Spoiler Alert: This post contains spoilers regarding the outcome of the War of 1812. If you have not yet seen this war and don’t want the ending ruined for you, proceed with caution.
My smoldering annoyance with William Henry Harrison burst into open flame recently. You see, we couldn’t find New Baby’s birth certificate. Our natural reaction was to curse the name of the late Mr. Harrison.
History buffs may recall that old Billy Harrison was President of the United States for 32 days, or even that he was governor of Indiana during its short pants youth as a territory, before it grew up into mature statehood.
Those are fine accomplishments, if you’re into that. But I will always remember William H. Harrison as the commander of US forces at the Battle of the Thames. This battle took place in southern Ontario in 1813. The good news, if you are cheering for the US in the War of 1812, is that Harrison’s army won the day. The bad news is that it didn’t do a thing to lessen the amount of paperwork needed to cart a family, by the most direct route, from Michigan to New York in 2014.
But it could have.
The Thames battle site is right in the middle of that aggravating little strip of Canada that hangs down into the Great Lakes between Detroit and Buffalo. In 1813, Harrison won control of that area. He could have stayed there and maybe moved the border crossings off to the north so that we could scoot through without having to wait in line to reveal to a complete stranger the intimate details of our vacation plans. Then we wouldn’t have had to turn the house upside down searching for a single slip of paper we had no hope of finding. In the end, we wouldn’t have had to drive through Ohio and add hours to our already too long road trip.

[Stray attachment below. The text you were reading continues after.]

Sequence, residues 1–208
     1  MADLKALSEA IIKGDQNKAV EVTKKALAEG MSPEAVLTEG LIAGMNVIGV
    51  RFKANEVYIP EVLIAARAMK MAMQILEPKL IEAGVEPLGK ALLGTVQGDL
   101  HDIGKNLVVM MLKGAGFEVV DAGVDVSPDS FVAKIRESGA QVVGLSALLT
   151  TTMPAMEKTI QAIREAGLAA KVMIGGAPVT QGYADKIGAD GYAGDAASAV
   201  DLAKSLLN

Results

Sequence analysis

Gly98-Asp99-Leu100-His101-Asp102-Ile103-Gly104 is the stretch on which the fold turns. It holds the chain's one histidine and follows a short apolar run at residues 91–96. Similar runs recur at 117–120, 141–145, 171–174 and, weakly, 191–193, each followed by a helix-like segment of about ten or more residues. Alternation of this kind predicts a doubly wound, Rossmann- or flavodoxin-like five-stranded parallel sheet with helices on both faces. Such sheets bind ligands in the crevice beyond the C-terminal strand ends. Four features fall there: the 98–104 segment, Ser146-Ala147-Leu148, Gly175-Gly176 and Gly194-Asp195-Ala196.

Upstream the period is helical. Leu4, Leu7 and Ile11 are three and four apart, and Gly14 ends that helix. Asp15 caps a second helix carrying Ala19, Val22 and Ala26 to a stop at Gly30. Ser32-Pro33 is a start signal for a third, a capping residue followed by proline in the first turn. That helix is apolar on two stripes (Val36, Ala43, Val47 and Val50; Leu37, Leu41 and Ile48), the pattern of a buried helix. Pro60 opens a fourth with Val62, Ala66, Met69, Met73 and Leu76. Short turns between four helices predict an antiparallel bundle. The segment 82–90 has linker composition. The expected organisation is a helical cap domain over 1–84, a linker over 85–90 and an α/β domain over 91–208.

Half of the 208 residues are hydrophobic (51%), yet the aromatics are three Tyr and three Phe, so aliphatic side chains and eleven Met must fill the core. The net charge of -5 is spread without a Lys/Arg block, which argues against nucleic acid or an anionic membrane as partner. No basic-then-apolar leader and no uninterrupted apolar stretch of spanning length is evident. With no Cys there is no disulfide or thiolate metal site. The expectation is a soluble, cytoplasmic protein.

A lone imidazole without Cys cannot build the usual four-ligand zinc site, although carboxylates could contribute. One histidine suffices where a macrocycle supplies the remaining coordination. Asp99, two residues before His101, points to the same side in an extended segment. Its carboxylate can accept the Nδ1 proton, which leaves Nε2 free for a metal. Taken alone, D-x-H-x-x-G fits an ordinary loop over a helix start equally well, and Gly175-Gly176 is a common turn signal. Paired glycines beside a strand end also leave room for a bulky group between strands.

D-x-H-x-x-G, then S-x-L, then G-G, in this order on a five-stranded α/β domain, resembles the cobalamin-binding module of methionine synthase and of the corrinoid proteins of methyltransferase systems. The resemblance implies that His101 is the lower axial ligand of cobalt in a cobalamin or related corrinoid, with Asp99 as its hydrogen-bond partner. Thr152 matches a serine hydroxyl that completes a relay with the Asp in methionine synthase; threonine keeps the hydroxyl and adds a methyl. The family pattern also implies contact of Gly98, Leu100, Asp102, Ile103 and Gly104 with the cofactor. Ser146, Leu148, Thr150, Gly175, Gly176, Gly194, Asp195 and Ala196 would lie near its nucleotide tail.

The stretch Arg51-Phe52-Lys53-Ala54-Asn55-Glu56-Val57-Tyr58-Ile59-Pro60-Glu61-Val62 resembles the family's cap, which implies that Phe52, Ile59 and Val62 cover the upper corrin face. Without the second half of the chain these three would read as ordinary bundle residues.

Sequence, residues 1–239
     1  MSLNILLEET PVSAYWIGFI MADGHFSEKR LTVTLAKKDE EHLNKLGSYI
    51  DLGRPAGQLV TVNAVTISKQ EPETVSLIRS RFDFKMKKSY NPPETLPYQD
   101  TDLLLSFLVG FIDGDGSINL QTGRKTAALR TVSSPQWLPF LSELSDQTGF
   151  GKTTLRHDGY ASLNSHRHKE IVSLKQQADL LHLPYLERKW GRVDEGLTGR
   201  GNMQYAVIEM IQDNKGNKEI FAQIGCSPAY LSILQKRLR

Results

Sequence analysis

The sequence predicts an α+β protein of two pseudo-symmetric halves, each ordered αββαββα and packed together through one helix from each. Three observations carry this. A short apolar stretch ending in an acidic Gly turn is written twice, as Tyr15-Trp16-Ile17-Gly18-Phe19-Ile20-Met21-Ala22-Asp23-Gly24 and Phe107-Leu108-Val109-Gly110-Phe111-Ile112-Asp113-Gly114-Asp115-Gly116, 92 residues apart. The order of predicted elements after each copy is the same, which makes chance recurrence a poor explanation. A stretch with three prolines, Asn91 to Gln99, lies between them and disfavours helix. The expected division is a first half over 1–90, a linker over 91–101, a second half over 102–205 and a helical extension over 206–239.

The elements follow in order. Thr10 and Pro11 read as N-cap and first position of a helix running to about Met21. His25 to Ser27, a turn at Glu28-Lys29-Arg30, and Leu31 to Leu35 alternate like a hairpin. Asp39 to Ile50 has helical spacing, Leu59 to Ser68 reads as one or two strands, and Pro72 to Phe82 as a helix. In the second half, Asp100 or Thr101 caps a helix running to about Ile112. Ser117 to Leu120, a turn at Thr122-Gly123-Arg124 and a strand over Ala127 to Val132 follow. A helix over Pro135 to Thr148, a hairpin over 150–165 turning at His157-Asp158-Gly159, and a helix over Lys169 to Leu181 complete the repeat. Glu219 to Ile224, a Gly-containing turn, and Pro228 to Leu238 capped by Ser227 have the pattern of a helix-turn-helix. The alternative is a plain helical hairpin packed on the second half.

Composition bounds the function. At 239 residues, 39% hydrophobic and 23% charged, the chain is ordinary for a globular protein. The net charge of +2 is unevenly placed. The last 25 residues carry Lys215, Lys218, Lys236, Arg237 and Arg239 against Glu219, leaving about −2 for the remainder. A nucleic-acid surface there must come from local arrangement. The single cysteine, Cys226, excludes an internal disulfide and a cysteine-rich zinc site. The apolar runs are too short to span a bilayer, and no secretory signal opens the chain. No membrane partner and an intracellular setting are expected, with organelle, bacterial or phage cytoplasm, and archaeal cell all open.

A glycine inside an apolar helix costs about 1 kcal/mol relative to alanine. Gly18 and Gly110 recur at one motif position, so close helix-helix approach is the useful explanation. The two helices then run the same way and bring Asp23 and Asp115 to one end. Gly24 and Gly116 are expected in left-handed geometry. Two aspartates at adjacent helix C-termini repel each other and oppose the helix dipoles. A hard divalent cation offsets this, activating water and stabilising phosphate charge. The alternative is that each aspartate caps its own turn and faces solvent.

Harrison could have accomplish these great things, but he didn’t. He packed up his army and went home. He probably didn’t even give a single thought to the inconvenience this would cause me and my family. I begin to think he did it out of spite.
We collected all the boys’ birth certificates in anticipation of pleasant encounters with border guards. On the morning of departure, Big Brother’s was there; Buster’s was there, but New Baby’s was missing. This odd disappearance might as well be blamed on Harrison’s ghost as anybody else. Why he carries his vendetta beyond the grave I don’t’ know.
As we were standing still amidst Cleveland road construction I conceded that he’d won this round.
Serious historians may suggest that my animosity toward Harrison is misplaced. After all, the Treaty of Ghent restored the original boundaries, regardless of the placement of armies at the close of hostilities. So even if he had homesteaded southern Ontario, it wouldn’t have made any difference to me. The historians may be right, and this is why I’m also pissed off at the negotiators who approved the Treaty of Ghent. They were jerks too.
Come on, Canada. Let’s deal. There must be something you’d take in trade for the right-of-way between Michigan and New York. I think we have some nice tropical islands: sun, sand, and surf; and you wouldn’t even need a passport. Think about it. Call me.